Insulin use to treat type 2 diabetes trebles over 20 years
Press release issued: 7 February 2014
The number of people using insulin to treat diabetes trebled between 1991 and 2010, researchers from the Universities of Bristol and Cardiff have found.
In a study published in the Journal of Diabetes, Obesity and Metabolism, a team reviewed Clinical Practice Research Data (CPRD) to estimate the prevalence of insulin use in the UK population.
They found that the number of patients receiving prescriptions for insulin increased from 136,800 in 1991 to 421,300 in 2010.
Professor Edwin Gale, from the School of Clinical Sciences at the University of Bristol, said: “The study showed a very steep rise in insulin use over the past 20 years, with some recent levelling off. Although earlier use of insulin may have contributed to this increase, it mainly reflects the fact that many more people are developing diabetes.”
The study also found that the number of people receiving prescriptions for insulin for type 2 diabetes during the period, overtook the number of people with type 1 diabetes.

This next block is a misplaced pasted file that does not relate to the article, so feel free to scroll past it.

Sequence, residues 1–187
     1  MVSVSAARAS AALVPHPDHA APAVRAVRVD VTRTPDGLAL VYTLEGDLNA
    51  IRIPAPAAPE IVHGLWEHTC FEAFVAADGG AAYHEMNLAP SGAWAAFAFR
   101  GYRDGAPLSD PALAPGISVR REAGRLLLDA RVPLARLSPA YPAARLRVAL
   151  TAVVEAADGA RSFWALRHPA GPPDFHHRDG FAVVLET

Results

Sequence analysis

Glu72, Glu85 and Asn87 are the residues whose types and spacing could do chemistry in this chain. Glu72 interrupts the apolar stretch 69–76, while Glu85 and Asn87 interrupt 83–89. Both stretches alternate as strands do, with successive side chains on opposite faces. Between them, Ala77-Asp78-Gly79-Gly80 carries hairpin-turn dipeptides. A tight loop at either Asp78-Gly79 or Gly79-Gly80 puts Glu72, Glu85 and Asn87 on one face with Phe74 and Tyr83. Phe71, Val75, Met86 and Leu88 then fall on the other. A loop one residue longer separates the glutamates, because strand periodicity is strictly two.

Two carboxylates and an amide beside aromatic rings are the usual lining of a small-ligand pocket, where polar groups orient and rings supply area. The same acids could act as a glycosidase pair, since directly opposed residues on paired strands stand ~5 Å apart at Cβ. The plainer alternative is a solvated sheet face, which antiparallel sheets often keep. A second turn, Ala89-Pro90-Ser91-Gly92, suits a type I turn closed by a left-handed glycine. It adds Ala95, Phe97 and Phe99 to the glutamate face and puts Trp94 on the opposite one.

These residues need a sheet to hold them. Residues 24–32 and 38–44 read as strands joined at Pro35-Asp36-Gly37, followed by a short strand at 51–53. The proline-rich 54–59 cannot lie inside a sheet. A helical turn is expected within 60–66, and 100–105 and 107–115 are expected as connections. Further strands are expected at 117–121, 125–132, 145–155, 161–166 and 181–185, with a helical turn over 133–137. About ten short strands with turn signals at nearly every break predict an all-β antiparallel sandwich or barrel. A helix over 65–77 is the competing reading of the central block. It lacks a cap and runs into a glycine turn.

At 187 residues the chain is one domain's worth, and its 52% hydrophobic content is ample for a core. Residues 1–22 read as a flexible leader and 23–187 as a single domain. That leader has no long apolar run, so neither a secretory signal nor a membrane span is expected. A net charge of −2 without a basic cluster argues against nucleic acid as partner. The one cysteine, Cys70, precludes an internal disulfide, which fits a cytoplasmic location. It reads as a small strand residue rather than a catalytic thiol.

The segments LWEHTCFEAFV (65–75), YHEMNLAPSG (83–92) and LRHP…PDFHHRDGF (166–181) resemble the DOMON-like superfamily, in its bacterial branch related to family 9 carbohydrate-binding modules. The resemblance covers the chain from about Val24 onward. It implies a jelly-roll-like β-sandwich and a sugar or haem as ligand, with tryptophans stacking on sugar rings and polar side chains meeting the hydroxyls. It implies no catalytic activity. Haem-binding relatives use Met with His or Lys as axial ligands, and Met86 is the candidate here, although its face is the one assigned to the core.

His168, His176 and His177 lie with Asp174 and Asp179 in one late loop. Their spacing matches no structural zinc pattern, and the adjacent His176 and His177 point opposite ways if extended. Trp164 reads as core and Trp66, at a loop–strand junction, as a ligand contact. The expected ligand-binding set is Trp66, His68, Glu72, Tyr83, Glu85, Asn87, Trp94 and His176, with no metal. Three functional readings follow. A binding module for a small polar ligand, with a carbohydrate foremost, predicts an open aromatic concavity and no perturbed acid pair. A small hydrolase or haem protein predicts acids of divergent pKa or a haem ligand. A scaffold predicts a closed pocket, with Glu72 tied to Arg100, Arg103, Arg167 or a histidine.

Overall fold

In 1991, more people using insulin had type 1 diabetes than had type 2 diabetes however, by 2010 this situation had reversed with the total number of people with type 2 diabetes injecting insulin increased from 37,000 in 1991 to 277,400 in 2010.
Professor Craig Currie, from Cardiff University’s School of Medicine, said: “Understanding the pattern of insulin use is limited by a lack of data characterising the prevalence of insulin use in the UK. Given the limitations, our study sought to calculate – for the first time – the best possible estimate of the rates of insulin for type 1 and type 2 diabetes.”
Whilst the study strikes a note of caution with its findings, most notably with early stages of the timescales of the reporting being less well recorded, the study does give a clear indication that the number of people with type 2 diabetes using insulin has risen sharply.
Professor Currie added: “The rising prevalence of insulin use probably reflects both an increase in incidence and longer survival of those who already have type 2 diabetes. The financial cost of insulin to the NHS in the UK is estimated to have increased from £156 million in 2000 to £359 million in 2009.
“The increase in the number of people with type 2 diabetes using insulin is a wake-up call for all – not only in terms of lifestyle choices and how we treat people with type 2 diabetes.”
‘How many people inject insulin? UK estimates from 1991 to 2012’ by Sarah Holden, Edwin Gale, Sara Jenkins-Jones & Craig Currie in the Journal of Diabetes, Obesity and Metabolism.